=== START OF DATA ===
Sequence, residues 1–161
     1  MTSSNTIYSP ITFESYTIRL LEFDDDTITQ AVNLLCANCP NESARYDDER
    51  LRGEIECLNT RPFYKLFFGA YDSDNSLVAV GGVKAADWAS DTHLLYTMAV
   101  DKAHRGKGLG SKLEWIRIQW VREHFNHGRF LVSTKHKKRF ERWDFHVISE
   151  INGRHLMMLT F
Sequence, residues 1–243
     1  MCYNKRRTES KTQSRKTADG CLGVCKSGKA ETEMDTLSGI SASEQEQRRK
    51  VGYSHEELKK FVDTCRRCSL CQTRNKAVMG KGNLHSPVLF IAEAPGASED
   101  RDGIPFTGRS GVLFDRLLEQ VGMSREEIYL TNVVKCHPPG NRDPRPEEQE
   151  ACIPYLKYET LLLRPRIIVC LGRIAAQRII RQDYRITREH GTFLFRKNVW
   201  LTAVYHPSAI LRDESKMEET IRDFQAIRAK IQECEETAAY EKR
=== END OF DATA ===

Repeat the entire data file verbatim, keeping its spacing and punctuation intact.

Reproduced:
Sequence, residues 1–161
     1  MTSSNTIYSP ITFESYTIRL LEFDDDTITQ AVNLLCANCP NESARYDDER
    51  LRGEIECLNT RPFYKLFFGA YDSDNSLVAV GGVKAADWAS DTHLLYTMAV
   101  DKAHRGKGLG SKLEWIRIQW VREHFNHGRF LVSTKHKKRF ERWDFHVISE
   151  INGRHLMMLT F
Sequence, residues 1–243
     1  MCYNKRRTES KTQSRKTADG CLGVCKSGKA ETEMDTLSGI SASEQEQRRK
    51  VGYSHEELKK FVDTCRRCSL CQTRNKAVMG KGNLHSPVLF IAEAPGASED
   101  RDGIPFTGRS GVLFDRLLEQ VGMSREEIYL TNVVKCHPPG NRDPRPEEQE
   151  ACIPYLKYET LLLRPRIIVC LGRIAAQRII RQDYRITREH GTFLFRKNVW
   201  LTAVYHPSAI LRDESKMEET IRDFQAIRAK IQECEETAAY EKR